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World Trade Center Arkansas leads avant-garde push into Cuban market

The leaders of the Arkansas delegation stand with U.S. Ambassador to Cuba Jeffrey DeLaurentis in the gardens of the Ambassadorial Residence. From left to right, DeLaurentis, Rep. Rick Crawford, R-Ark, Dan Hendrix, President and CEO of the World Trade Center Arkansas and Melvin Torres, Director of Latin American Trade.

Dec. 15, 2016 – The World Trade Center Arkansas, state and federal leaders are at the helm of efforts to open agricultural trade with Cuba since diplomatic relations were officially reestablished in July 2015. Governor Asa Hutchinson, Senator John Boozman, R-Ark. and Representative Rick Crawford, R-Ark. and the World Trade Center Arkansas have been actively promoting Arkansas’ agriculture industry in the Cuban market and promoting the ease of restrictions for doing business with Cuba in the U.S.

In September 2015, the World Trade Center Arkansas organized the Governor’s trip to Cuba making him the first U.S. governor to visit the island since diplomatic ties were restored. The World Trade Center Arkansas led another visit by an Arkansas delegation this June and in November.

“It’s an opportunity for Arkansas to open up the market in Cuba,” the Governor said.

In November of this year, Torres attended the annual Cuban International Fair as Arkansas’ representative where companies from around the world exhibited at the ExpoCuba center in Havana. Torres brought samples of Arkansas’ coveted long-grain rice and he continued the dialogue established between the Governor and the Cuban government.

“Right now, when we talk about doing business with Cuba, we are talking about doing business with the Cuban government,” Torres says. “And we have an excellent relationship with the Cuban government. We both have products the other wants, and we want to do business immediately. But we can’t because of the embargo.”

In addition to organizing the governor’s 2015 trip and the trip to the International Fair, the World Trade Cent er Arkansas arranged a visit by Cuban embassy officials to Little Rock and has led other trade missions onto the island. The World Trade Center Havana also signed an Agreement of Cooperation with the World Trade Center Arkansas to aid each others efforts in spurring trade between Cuban and Arkansas.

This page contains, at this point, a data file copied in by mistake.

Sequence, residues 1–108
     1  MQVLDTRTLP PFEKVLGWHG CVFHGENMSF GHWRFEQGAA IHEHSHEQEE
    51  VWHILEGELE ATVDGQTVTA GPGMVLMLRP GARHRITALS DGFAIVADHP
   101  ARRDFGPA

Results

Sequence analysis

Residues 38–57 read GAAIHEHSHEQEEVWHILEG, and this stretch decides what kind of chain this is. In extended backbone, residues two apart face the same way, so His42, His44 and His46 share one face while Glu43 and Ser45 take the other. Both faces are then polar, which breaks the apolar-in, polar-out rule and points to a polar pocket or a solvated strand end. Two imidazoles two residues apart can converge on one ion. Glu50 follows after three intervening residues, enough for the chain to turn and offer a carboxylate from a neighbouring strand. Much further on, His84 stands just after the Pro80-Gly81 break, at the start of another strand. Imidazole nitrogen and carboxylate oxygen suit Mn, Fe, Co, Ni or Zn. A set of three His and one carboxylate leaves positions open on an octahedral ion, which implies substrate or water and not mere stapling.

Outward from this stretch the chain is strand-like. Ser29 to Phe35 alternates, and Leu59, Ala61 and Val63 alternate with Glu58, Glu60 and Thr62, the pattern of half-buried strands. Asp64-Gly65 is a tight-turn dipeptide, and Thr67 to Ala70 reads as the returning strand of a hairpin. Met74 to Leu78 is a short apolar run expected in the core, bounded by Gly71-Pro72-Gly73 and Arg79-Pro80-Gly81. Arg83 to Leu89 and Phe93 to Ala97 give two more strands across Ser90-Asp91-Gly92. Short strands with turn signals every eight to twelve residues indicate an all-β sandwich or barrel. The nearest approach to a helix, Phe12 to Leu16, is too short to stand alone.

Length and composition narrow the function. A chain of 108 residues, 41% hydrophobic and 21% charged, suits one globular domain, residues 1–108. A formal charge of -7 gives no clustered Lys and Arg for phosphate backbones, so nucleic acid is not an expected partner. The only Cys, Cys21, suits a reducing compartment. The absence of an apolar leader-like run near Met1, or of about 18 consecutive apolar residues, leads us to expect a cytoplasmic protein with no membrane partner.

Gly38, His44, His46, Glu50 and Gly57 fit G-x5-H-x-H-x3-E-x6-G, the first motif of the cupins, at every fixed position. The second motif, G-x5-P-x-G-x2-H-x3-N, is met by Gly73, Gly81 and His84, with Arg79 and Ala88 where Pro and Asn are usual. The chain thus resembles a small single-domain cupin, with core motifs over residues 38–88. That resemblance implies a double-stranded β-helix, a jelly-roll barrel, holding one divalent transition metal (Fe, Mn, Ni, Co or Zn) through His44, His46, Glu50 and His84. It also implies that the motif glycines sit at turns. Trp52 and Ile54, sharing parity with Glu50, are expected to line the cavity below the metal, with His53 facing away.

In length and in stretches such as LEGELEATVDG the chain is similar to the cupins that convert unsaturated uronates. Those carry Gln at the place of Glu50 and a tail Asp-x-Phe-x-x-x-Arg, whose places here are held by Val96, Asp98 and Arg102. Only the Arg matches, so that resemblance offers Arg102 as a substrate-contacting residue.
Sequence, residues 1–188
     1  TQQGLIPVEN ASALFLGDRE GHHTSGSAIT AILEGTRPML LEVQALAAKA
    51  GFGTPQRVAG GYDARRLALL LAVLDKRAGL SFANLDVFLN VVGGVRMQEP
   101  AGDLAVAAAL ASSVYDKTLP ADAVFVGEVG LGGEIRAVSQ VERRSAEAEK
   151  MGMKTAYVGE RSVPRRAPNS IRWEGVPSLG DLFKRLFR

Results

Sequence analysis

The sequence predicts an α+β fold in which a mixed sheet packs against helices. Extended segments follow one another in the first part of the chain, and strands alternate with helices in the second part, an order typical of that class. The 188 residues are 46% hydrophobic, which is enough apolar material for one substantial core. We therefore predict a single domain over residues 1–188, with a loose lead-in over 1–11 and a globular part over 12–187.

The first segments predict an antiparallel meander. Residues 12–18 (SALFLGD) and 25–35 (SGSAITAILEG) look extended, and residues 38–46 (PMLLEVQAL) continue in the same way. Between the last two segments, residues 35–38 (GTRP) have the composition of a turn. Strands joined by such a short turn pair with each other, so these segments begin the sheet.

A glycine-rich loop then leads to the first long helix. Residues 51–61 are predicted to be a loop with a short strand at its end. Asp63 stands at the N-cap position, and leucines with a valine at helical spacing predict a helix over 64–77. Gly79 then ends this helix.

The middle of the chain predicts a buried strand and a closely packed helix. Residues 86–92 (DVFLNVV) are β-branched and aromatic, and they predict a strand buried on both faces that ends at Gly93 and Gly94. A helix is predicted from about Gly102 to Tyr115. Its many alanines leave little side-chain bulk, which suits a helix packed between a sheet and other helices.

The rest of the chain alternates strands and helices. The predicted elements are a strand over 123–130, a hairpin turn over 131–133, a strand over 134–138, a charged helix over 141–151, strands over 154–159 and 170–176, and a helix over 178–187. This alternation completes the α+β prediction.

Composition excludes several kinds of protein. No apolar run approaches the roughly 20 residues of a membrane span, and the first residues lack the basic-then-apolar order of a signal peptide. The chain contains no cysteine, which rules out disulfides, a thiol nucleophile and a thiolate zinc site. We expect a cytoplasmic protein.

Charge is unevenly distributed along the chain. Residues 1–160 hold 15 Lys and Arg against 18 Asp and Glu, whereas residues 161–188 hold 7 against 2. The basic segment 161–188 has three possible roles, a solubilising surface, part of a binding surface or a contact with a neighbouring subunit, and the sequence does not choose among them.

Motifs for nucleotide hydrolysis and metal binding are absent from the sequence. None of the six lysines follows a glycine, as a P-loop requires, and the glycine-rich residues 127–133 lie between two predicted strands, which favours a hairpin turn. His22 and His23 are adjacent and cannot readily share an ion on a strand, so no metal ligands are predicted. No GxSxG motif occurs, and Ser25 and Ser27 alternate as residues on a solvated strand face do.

“We also encourage educational exchanges, including professor and student exchanges in addition to commercial match-making,” Torres added. “It’s far from one-sided. There are many things where Cuba can supply the expertise – they have a lot of research and development on farming organically – and they have great products that would be very appealing to the U.S. market.”

Mike Preston, the executive director for the Arkansas Economic Development Commission wrote in a piece for Talk Business and Politics that thanks to Gov. Hutchinson, “Arkansas is taking the bull by the horns and is leading trade initiatives in Cuba.”

In an interview with CubaTrade Magazine, Preston said the state once had a historical trade relationship with Cuba. “We can bring that back. Arkansas is one of the leading states in the country for agriculture production, number one for rice, and number two for poultry. Cuba just makes a lot of sense.”

Within one month of the Governor’s visit, Cuba purchased 4,500 tons of Arkansas poultry from Simmons Foods and Tyson. In addition to poultry, Cuba also imports around 1 billion pounds of rice. Arkansas produces about 10 billion pounds. Rice is a staple in the Cuban diet which makes Arkansas an ideal trading partner.

Furthermore according to Dr. Eric Wailes, the distinguished professor and L.C. Carter endowed chair for the University of Arkansas, and one of the University’s top rice scientists, Cubans prefer Arkansas rice to the currently imported Vietnamese rice, which experiences a deterioration in quality after spending months on a container ship, often months after milling.

Ambassador DeLaurentis (standing left) and Rep. Rick Crawford (standing right) speak to each other during a meeting at the ambassador’s residence.

In the House of Representatives, the bill HR. 3687 and its Senate counterpart, S. 1049 were both co-sponsored by Rep. Crawford and Sen. Boozman. These bills aim to allow people subject to U.S. jurisdiction to finance the sale of agricultural commodities in Cuba. This essentially opens a line of credit for Cuban importers of Arkansas agricultural products.

“I’ve been an advocate of this for a long time, working with Arkansas agriculture and seeing the value proposition for our state,” Rep. Crawford said.

As for fully lifting the embargo to allow, Sen. Boozman and Gov. Hutchinson both agree that it will come with its share of challenges.

“If you lifted the embargo today, Cuba would not be ready for it,” Boozman said. “I think it’s going now at a steady pace and we are moving in the right direction.”

Gov. Hutchinson has said that the hope is with more trade, the Cuban regime will be liberalized.

“It has to be acknowledged that the Cuban regime has been oppressive,” he said. “We should not ignore that side of the equation. So the objective is not just to open up trade to benefit ourselves, but the objective is also to create an environment with more freedoms for the Cuban people.”

“We are aggressively continuing our efforts to have a presence there,” he said.  

The mission of Arkansas World Trade Center is to connect Arkansas to the world by providing international trade services to agricultural producers, companies and individuals and by educating students in global commerce. For more information and valuable updates, please follow the Center on Facebook and Twitter, or visit the Arkansas World Trade Center Website at